In addition to his wide-ranging work with main group element derivatives he has also made numerous important contributions to transition metal chemistry. In addition to his early work on the structure of Gilman reagents mentioned above and quintuple bonded complexes , he has made seminal contributions to the study of low coordinate transition metal complexes. For example, in the mid 1980s the only known example of an open shell (d1-d9) transition metal two-coordinate complex was a d5 manganese dialkyl. In work that is ongoing, Power and his group synthesized the first two-coordinate d3, d4, d6, d7,d8 and d9 complexes using a variety of ligands. In collaborative magnetic studies with G. and J. Long and W. Reiff) many of these complexes, e.g. those with d6 and d7 configurations, were shown to have very large orbital moments and to behave as single molecule magnets at low temperature. Power and coworkers also pioneered the use of 1H NMR spectroscopy as a key technique for their study and used it to study association equilibria (both ligand and self)  for  the two- and three-coordinate species. In addition he and his group have clarified numerous contradictory tata (some erroneous) in the early literature of the area.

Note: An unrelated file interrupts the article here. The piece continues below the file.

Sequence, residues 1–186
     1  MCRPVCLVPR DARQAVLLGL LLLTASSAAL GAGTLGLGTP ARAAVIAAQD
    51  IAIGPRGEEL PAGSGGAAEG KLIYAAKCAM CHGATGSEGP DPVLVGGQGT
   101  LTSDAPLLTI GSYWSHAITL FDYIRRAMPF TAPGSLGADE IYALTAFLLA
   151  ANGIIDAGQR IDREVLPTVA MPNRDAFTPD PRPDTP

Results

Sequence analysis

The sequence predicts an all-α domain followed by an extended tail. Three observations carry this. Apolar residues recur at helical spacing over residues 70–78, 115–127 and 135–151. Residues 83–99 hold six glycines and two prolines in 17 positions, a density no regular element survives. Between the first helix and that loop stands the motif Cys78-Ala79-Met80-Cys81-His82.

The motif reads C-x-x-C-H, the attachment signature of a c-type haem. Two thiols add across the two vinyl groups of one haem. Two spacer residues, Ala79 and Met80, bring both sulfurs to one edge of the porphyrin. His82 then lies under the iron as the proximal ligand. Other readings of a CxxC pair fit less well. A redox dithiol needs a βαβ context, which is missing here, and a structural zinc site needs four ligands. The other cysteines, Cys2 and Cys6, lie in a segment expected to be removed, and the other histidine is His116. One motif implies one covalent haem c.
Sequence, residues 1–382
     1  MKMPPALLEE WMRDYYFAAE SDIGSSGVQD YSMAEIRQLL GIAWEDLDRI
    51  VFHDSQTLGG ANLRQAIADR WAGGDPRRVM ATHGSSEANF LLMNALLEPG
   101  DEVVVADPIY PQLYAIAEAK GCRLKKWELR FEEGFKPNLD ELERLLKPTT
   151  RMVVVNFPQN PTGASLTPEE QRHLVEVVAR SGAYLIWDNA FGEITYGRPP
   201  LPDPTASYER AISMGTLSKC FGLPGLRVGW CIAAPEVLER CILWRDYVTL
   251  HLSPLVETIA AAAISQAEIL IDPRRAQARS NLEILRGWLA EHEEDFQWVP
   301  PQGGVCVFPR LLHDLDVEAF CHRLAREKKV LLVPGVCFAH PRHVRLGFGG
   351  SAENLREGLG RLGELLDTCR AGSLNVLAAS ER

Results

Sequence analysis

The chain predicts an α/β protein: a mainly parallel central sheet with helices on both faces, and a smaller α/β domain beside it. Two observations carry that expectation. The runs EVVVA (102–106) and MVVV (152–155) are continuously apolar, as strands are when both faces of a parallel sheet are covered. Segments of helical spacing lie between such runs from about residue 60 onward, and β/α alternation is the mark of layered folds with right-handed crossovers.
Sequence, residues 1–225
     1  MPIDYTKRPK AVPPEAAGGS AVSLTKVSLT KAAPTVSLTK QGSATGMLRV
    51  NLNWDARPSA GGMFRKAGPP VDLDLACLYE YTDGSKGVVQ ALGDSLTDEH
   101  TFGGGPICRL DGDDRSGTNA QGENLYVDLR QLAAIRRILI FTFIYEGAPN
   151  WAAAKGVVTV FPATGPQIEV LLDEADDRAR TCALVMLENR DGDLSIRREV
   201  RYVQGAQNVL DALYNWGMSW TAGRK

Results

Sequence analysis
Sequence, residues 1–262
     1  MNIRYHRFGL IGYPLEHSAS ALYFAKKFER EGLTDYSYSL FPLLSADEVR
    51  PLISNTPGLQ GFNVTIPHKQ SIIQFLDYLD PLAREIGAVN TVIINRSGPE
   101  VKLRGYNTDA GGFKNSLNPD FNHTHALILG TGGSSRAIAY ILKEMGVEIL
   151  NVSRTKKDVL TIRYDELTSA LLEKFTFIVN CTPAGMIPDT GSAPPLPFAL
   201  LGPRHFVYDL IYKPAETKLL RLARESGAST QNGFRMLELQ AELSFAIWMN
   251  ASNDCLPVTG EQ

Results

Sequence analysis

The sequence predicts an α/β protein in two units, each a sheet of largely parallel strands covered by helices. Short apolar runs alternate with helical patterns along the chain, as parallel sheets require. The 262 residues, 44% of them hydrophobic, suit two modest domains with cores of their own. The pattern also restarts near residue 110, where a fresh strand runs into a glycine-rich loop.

Power’s many contributions are not limited to his ground-breaking journal papers however. The reviews and perspectives he has authored have helped transform our understanding of bonding in general. In 1999 (updated in 2012) the multiple bonded heavier main group compounds were comprehensively reviewed. These explained how their bonding differed so profoundly from that in lighter element analogues.  He was among the first to recognize the crucial importance of second order Jahn-Teller effects in the frontier orbitals of the heavy element derivatives. led to a rich chemistry reminiscent of that of the transition elements as featured in his review in Nature (2010). He also wrote a pioneering review on the poorly known, two-coordinate, open-shell (d1–d9) transition metal complexes to which the quintuple bonded chromium species is related. More recently (Nature Chemistry Reviews, 2017), he highlighted the almost unknown role of London dispersion forces in influencing the structure and stability of many inorganic and organometallic complexes. In fact such forces are often the key factor enabling the isolation of multiple bonded species.


In addition to his original research work, Power’s activities have included service as associate editor, 2004-2019, of Inorganic Chemistry, Editor-in-Chief of Volume 37 of Inorganic Syntheses, (2018), and has served on twelve editorial advisory boards. Power has received several awards and honors, he was the recipient of the Ludwig Mond Medal (2005), the ACS F. A. Cotton Award in Synthetic Inorganic Chemistry (2005) and the ACS Organometallic Chemistry Award (2012). He was elected as a fellow of the Royal Society (FRS) in 2005.


Power’s record establishes him as one of the foremost synthetic chemists in the world whose accomplishments have led to a greatly increased understanding of bonding.